The Story Behind the Birth of Critically Endangered Red Wolf Pups

The Story Behind the Birth of Critically Endangered Red Wolf Pups



At the heart of this unique story is a pair of red wolves – dubbed 2225F and 2323M. The Canis rufus couple renewed and sparked hope for the critically endangered red wolf species when they recently became parents to six pups – the first litter born in the wild since 2018.

Red wolves are on the brink of extinction, with fewer than 25 in the wild and only a few hundred in captivity in facilities across the country. Their survival depends on the U.S. Fish and Wildlife Service (USFWS) Red Wolf Recovery Program and the work of program partners like North Carolina Wildlife Federation (NCWF). The last remaining wild red wolves reside on the Albemarle-Pamlico Peninsula, located on the North Carolina coast and covering Dare, Tyrrell, Washington, Hyde and Beaufort counties.

“The six red wolf pups born in mid-April – four females and two males – are the offspring of two pretty cool wolves. The female was born in the wild at Alligator River National Wildlife Refuge (NWR). The male was released there in 2021 after being translocated from St. Vincent NWR in Florida, where he also was born in the wild,” said Katerina Ramos, NCWF’s refuge volunteer and programs coordinator.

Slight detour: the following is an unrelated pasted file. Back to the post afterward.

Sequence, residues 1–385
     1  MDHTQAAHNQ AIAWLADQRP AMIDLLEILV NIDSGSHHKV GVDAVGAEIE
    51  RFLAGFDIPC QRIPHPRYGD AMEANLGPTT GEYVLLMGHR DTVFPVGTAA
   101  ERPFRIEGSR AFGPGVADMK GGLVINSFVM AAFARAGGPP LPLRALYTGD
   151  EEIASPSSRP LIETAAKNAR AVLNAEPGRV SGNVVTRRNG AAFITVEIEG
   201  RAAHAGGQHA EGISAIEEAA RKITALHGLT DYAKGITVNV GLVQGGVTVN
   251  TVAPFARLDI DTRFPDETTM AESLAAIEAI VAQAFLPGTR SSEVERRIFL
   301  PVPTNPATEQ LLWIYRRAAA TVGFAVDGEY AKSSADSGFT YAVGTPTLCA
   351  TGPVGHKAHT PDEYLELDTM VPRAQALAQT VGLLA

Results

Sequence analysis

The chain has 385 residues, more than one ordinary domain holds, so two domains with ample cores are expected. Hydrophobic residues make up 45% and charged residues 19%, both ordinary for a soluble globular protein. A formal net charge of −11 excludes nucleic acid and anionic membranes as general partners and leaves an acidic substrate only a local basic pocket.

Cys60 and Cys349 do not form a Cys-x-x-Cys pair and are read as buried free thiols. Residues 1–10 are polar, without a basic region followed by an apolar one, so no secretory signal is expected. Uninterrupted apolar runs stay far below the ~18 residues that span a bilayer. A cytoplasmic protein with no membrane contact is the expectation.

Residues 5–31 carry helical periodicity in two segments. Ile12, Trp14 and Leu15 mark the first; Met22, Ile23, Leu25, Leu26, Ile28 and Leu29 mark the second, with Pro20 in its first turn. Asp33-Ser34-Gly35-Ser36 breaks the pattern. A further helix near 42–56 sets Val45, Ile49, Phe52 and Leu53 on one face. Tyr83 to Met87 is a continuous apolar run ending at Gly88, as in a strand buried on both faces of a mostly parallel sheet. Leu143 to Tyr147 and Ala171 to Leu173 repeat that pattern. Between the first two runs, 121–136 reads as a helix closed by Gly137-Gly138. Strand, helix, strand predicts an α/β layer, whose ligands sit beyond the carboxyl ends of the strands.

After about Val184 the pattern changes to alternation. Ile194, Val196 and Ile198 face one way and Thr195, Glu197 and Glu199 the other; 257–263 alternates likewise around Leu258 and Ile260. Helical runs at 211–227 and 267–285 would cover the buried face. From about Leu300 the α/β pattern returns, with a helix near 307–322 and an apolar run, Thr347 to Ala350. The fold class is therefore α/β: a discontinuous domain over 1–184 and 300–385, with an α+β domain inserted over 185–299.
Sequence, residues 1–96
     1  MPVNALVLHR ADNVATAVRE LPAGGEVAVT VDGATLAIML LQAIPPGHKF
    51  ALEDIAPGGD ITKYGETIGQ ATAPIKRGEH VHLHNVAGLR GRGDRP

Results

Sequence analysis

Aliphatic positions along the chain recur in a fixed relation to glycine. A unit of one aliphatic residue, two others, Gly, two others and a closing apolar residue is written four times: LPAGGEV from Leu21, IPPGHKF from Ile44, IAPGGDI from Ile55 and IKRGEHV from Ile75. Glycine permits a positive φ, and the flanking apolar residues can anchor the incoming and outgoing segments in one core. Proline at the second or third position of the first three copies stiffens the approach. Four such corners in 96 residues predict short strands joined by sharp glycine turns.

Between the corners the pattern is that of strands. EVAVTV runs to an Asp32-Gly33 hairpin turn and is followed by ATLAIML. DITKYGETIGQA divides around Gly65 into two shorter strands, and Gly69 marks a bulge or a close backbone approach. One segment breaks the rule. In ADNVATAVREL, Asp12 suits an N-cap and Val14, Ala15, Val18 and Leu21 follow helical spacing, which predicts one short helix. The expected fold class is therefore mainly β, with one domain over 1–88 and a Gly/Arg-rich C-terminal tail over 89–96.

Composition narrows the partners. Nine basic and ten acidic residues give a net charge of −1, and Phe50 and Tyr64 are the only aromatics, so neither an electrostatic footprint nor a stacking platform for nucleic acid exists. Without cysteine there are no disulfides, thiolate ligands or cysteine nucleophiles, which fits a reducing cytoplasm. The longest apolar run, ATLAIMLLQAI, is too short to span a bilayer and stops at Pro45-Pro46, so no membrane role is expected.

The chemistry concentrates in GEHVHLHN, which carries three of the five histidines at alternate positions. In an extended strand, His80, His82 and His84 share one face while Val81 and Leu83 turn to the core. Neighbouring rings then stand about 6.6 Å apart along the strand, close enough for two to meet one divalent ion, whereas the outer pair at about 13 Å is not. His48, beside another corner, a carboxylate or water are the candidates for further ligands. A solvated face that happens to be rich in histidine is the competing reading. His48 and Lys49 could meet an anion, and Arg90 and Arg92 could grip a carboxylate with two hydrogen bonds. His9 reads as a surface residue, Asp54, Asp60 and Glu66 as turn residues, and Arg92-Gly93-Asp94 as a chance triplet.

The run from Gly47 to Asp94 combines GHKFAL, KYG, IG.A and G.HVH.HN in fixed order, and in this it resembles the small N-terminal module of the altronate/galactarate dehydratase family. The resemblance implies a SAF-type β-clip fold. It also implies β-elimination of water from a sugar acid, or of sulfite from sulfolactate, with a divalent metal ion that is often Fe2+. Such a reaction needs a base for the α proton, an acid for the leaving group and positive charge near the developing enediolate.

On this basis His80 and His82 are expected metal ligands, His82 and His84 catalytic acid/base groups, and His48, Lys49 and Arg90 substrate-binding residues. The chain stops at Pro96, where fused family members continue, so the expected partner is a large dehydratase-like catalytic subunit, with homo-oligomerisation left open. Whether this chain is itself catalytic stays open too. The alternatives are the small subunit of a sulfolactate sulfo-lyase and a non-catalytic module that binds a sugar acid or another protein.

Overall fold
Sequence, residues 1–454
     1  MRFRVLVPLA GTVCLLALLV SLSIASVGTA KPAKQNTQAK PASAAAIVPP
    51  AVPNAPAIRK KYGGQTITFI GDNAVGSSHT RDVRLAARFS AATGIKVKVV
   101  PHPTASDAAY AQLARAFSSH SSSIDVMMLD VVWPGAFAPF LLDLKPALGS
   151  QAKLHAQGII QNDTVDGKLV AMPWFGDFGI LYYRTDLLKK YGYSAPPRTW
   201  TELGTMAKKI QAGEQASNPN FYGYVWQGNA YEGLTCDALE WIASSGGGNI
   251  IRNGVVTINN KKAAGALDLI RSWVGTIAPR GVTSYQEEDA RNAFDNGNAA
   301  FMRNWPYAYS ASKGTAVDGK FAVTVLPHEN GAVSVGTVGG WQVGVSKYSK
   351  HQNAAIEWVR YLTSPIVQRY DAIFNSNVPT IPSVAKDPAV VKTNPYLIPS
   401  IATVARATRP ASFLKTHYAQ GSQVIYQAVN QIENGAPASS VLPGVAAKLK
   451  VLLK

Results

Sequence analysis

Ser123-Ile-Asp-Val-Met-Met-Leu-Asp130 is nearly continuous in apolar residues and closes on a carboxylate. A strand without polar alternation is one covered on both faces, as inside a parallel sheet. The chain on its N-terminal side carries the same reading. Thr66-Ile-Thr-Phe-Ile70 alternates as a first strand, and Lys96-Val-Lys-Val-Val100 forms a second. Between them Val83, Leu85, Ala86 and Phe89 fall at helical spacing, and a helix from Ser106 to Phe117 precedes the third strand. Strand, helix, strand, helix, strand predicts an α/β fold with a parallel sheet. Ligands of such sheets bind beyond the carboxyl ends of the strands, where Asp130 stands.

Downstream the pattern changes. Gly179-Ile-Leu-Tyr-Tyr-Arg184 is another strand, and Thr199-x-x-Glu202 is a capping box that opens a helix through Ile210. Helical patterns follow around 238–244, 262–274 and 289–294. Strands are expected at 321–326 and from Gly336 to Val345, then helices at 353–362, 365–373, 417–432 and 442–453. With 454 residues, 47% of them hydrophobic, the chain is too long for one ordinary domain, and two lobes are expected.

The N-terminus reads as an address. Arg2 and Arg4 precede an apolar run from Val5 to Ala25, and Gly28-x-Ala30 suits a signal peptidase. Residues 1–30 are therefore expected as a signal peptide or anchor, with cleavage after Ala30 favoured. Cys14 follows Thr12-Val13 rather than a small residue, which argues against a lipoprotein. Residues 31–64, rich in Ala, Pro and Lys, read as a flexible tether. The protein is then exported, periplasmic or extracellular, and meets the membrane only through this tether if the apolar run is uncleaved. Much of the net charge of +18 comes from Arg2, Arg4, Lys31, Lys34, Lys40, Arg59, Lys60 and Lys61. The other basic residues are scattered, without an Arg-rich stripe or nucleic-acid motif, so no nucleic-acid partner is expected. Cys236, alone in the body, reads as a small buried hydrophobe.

Ramos, who works at the Red Wolf Center located on Pocosin Lakes NWR in Columbia, noted the close bond between red wolf pairs, which shows through their parenting. “The parental care and shared responsibilities between male and female wolves – especially this pair – is so heartwarming to see,” she said. “We have evidence that he’s been working diligently to bring food to the den for his mate.”

Another interesting piece of this red wolf story is that the young female’s 12-year-old mother (1849F) is the former breeding female of the Milltail wolf pack on the Alligator River NWR. When USFWS officials brought the male red wolf 2323M from Florida, they captured the matriarch and placed her in an acclimation pen with the newcomer hoping she would show him the lay of the land and accept him into the territory.

“Before the male red wolf 2323M came along, a coyote hanging around in the area had the younger female in his sights, but she would often visit her mom and the new male wolf in the acclimation pen. It worked out wonderfully because as soon as the pen was opened, the male red wolf made a direct path to her and displaced the coyote,” Ramos said.

This article by Kristine Goodyear was first published by The NWF Blog on 10 August 2022. Lead Image: Credit: David Busch.


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